New Suzuki Celerio Review

New Suzuki Celerio Review

Ok, let's be honest, the Suzuki Celerio isn'tlikely to be everyone's cup of tea.

But one thing's for certain: Suzuki knows more aboutsmall cars than almost any other manufacturer.

What I wasn't expecting when our test cararrived, was quite how good it was going to be.

And this, remember, is a car you can buyfor less than 7 grand.

Sure, so it might not be the most appealing piece of design on theroads today, but its distinctly boxy proportions and wheel-at-each corner stance gives it twoclear wins: firstly, it's easy to squirt your way through gaps in traffic, and secondly,its interior feels far more spacious than you might imagine.

And remember, unusuallyfor a car of this size, the little Suzuki gets five doors, making it even more practical.

Hat-wearers will be pleased with the gallons of headroom, and even for my 6ft4 frame, there'smore space on offer than you could reasonably expect, our only observations being that thesides of the centre console and the placement of the electric window switches compete withmy knees for space.

Despite that, everything is well laid out, with typically clear instrumentsas we're used to from Suzuki.

Oh, and that 60mpg figure that's currently showing on thetrip computer: that's genuine, and very easy to achieve.

But more on that later.

All butthe base model get a stereo with DAB digital radio and Bluetooth connectivity, completewith steering wheel-mounted controls for your phone, a USB socket next to the convenientcubby hole, plus air conditioning, all as standard.

To spec a VW Up or Hyundai i10 tothe same level will need an extra £3,000 or so.

Space in the back is pretty good – there'stons of headroom, foot-room is good, but it is perhaps a little optimistic to includethree full seat-belts.

Boot space is a decent 254 litres, rising to 726 litres, althoughin common with most other cars in its class, folding the rear seats does leave them ina rather inconsiderate lump that limits the loads you can carry.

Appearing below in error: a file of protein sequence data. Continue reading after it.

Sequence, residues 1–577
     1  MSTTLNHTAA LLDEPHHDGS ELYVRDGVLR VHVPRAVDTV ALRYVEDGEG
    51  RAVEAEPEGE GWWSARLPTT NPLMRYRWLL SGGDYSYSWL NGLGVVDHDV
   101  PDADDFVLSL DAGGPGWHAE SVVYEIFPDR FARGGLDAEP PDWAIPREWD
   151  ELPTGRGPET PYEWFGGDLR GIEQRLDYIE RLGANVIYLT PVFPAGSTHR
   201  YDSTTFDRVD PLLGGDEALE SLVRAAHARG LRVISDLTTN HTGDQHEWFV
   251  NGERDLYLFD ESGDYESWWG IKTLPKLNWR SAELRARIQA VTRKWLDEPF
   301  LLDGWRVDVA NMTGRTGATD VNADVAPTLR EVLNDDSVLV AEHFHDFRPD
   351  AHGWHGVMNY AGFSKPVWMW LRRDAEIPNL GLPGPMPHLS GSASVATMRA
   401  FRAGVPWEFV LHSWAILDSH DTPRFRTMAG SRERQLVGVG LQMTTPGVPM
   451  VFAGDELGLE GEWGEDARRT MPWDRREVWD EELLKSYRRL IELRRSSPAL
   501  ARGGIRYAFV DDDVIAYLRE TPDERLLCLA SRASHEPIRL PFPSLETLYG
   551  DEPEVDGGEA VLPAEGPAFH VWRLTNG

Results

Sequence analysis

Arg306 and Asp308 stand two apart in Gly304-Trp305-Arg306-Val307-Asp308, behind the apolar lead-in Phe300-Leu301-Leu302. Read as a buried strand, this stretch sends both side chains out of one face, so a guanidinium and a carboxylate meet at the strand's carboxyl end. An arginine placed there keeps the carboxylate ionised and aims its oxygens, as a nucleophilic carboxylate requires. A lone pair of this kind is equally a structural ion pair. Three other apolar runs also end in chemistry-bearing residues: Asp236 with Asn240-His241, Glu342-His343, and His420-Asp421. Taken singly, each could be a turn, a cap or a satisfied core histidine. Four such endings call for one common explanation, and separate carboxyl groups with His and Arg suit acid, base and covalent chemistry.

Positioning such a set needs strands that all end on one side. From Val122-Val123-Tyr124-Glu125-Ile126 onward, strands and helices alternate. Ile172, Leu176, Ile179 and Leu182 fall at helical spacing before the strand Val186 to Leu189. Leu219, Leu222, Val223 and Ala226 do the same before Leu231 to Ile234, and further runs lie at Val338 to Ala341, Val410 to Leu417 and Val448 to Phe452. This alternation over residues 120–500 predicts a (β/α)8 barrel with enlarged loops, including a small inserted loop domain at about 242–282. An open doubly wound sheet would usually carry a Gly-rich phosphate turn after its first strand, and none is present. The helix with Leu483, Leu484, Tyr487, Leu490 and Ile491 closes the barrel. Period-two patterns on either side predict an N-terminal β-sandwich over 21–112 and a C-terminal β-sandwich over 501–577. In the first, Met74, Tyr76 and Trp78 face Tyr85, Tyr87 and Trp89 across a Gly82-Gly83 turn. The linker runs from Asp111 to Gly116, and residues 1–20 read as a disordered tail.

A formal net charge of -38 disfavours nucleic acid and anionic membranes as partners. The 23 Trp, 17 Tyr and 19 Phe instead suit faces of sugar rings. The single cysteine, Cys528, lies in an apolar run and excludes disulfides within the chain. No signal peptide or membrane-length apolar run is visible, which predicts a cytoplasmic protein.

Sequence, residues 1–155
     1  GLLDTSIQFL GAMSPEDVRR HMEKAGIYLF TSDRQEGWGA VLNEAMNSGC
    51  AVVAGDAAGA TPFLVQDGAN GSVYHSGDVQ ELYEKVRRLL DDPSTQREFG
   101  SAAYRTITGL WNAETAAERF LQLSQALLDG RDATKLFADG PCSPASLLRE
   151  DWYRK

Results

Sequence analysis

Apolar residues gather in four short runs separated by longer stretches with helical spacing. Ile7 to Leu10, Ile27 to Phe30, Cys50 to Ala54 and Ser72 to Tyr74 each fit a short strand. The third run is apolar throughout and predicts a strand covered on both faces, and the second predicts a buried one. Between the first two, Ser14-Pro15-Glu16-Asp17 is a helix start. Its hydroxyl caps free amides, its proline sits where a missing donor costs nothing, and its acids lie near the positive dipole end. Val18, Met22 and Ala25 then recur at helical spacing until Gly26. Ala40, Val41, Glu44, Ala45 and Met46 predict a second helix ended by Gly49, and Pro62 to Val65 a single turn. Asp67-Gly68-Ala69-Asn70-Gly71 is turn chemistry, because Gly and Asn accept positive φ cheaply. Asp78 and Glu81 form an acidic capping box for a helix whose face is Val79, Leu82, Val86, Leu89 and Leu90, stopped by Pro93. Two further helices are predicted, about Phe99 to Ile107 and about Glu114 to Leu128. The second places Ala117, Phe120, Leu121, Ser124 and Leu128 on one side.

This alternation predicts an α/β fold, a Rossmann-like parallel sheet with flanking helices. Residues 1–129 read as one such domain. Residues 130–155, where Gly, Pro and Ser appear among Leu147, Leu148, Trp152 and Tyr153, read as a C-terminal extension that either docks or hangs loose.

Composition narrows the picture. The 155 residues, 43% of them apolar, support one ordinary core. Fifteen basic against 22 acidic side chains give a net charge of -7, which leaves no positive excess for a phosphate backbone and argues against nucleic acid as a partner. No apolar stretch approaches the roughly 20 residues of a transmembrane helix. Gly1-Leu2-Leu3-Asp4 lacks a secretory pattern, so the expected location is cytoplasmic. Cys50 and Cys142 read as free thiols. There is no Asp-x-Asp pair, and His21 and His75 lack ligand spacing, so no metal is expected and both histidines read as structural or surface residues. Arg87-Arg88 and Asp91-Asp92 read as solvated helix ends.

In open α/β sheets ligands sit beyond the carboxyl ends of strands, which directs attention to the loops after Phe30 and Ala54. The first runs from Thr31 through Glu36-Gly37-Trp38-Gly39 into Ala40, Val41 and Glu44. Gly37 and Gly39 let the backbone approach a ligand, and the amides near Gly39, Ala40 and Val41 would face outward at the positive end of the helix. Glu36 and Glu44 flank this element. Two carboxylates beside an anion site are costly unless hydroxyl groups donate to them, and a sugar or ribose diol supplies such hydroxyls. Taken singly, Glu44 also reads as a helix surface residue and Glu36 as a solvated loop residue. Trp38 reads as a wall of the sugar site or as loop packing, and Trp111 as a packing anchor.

Powering all of thisis a 1.

0-litre three-cylinder petrol engine with a modest 67hp.

That doesn't sound likemuch, but it's amazing how far 67hp will get you.

As standard, it's mated to a five-speedmanual gearbox, although an automated version, dubbed AGS, is also available.

Suzuki continueto be masters of the light and easy-going gear-shift action, and that makes it a pleasureto rifle your way through the 'box and wind the little Suzuki up to speed.

Its on-paperfigures aren't likely to set the world on fire – you're talking about 0-62mph in 13.

5seconds – but numbers rarely tell the whole story.

You see, being short of a cylinderisn't necessarily a hindrance, particularly if you're Suzuki, and its little three-cylinderengine has a characterful off-beat thrum that's actually quite endearing.

It's got a decentamount of torque, too, and will happily lollop along in fifth gear at 30mph if that's whatyou want, but we would say that – in common with a few other Suzukis – the throttle responseis a touch too keen just off idle, sometimes making it tricky to pull away smoothly.

Onthe move, the little Suzuki rides well.

Of course, only having 14-inch wheels means itcan crash into pot-holes, but that aside, body control is taught, understeer is keptin check, and it's not too much of a stretch to say that you can have fun while at thewheel.

What's particularly surprising is that you can do all of this while using hardlyany fuel.

The trip computer in our early test car didn't show figures beyond 60 mpg, althoughthis is an issue that's since been resolved with a software update, but we had littletrouble reaching and then maintaining an average just beyond this, and with a little extraeffort, you should have no trouble in reaching the official government figure of 65.

7 mpg.

If that's not enough for you, there's also a new Dualjet version of this engine thatachieved an incredible 78.

4 mpg on the official tests, all while emitting just 84 g/km ofCO2, even less than the 99 g/km of our test car.

And remember, this is a car you can buyfor just £6,999, with the more usefully-specced SZ3 model costing only a thousand pounds more.

Even our top-of-the-range SZ4 test car costs just £9,414 once you add metallic paint.

So, while the little Celerio might sound like it's been named after a wet salad, there'scertainly nothing limp about the way it drives.

Source: Youtube